Macbeth is a play full of magic, mystery, and murder. The variety of plots, as well as the interesting characters, force the reader to pay full attention at all times. Unfortunately, one of these characters is a victim of her own imagination. Although Lady Macbeth adds much positive flavour to the play, her character is revealed through her aggressive attitude with her husband, her inhumane disregard for life, and her guilty conscience.
Lady Macbeth is very assertive when dealing with her husband's hesitations about murdering Duncan:
"O never shall sun that morrow see!
Your face... is as a book where men
May read strange matters. To beguile the time,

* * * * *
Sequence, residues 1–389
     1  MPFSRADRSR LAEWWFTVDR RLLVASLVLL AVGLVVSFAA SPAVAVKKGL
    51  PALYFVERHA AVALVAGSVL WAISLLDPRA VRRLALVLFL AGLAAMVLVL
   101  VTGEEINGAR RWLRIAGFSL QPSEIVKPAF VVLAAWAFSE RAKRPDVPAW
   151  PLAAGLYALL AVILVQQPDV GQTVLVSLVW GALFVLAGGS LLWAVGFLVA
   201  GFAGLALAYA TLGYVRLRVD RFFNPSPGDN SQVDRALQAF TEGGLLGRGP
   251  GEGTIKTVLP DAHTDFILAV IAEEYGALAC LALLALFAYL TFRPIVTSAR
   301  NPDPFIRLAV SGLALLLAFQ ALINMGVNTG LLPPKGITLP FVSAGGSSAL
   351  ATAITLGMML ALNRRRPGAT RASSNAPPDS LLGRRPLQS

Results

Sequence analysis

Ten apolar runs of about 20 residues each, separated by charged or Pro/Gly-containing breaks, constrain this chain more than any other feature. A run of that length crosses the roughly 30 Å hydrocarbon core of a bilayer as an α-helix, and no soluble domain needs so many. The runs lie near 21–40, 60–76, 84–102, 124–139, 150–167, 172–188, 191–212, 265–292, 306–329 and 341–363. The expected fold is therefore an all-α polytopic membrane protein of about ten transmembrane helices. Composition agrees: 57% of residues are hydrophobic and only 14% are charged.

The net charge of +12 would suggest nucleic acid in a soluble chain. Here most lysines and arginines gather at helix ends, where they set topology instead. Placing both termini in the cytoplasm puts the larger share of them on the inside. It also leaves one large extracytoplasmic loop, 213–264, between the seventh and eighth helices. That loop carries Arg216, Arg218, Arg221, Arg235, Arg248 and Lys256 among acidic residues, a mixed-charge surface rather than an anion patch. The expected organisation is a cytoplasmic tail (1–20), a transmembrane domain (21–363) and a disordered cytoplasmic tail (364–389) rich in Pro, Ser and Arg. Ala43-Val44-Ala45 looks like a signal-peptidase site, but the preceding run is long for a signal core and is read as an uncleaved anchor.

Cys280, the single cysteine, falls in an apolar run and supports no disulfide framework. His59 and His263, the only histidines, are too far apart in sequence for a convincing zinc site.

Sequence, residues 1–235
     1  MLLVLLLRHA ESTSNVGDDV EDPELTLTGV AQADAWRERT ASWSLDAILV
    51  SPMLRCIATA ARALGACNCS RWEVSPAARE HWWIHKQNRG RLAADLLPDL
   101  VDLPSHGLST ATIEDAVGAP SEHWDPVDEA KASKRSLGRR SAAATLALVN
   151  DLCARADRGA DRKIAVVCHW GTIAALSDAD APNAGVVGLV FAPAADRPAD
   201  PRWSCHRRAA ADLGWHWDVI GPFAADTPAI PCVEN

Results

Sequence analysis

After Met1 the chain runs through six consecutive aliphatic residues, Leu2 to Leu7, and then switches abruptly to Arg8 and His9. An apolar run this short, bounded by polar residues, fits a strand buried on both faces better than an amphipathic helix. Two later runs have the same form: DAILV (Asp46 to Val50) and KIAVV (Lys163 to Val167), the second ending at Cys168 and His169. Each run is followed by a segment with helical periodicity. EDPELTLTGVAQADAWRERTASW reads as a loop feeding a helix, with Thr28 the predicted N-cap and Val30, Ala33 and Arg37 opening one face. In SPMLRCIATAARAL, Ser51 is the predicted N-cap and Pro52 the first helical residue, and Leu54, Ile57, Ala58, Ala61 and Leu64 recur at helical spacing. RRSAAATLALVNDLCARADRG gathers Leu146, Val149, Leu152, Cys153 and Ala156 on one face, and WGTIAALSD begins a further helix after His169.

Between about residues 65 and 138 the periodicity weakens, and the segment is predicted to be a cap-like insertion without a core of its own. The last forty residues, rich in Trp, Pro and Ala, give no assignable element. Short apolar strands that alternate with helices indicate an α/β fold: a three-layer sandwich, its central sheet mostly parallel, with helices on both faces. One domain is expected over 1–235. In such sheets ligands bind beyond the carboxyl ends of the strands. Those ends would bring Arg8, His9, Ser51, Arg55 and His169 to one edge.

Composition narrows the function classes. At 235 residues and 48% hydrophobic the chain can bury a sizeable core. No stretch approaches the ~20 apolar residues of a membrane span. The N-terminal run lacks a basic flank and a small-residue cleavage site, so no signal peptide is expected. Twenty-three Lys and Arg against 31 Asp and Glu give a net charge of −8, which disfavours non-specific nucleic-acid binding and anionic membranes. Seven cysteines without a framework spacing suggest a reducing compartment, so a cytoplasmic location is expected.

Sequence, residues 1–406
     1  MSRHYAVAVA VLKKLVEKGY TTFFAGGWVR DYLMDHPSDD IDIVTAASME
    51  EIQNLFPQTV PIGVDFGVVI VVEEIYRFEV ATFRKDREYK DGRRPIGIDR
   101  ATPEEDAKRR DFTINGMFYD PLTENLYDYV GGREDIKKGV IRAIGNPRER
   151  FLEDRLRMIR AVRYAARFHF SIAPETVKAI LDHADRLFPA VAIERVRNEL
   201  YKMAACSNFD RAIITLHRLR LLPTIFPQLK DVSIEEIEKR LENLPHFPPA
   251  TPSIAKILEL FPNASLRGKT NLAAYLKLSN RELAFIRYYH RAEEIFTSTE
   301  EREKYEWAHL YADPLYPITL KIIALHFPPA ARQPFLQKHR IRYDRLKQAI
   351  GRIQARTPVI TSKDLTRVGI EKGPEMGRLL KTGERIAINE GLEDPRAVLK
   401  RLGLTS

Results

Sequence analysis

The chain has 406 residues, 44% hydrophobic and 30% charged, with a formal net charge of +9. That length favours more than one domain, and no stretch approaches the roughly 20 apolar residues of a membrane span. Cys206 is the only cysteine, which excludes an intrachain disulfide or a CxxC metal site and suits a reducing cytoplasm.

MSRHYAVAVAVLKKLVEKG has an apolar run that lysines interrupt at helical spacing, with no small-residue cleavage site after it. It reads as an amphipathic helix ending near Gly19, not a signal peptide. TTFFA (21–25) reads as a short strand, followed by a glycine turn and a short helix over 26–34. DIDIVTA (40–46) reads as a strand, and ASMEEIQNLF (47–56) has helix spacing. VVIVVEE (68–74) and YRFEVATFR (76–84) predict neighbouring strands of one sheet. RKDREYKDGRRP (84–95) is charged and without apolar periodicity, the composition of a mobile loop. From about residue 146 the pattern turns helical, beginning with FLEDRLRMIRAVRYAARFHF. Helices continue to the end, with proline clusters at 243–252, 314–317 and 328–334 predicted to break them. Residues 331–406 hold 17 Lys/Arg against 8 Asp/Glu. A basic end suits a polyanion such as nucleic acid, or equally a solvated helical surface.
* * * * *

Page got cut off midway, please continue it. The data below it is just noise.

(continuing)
Look like the time; bear welcome in your eye,
Your hand, your tongue: look like the innocent flower
But be the serpent under't."
This urging causes Macbeth to possess black and deep desires', which lead him to murder the king. She takes it upon herself to pressure him and therefore, her bold character is revealed. Macbeth's intentions would have been less serious if his wife was not more anxious than he was. She, more than her husband, is to blame for the death of King Duncan, due to her relentless pursuit of power and authority.
Lady Macbeth is a heartless fiend with an savage disregard for life. This is evident in the manner in which she downplays the murder of Duncan to her husband:
"A little water clears us of this deed;
How easy is it, then! Your constancy
Hath left you unattended...
Get on your night-gown, lest occasion call us,
And show us to be watchers. Be not lost
So poorly in your thoughts."
She tries to make Macbeth believe that committing the murder was not a vicious deed and that washing their hands will wash away all the guilt. Macbeth exclaims that "all Neptune's ocean" will not wash the blood from his hands. Lady Macbeth appears...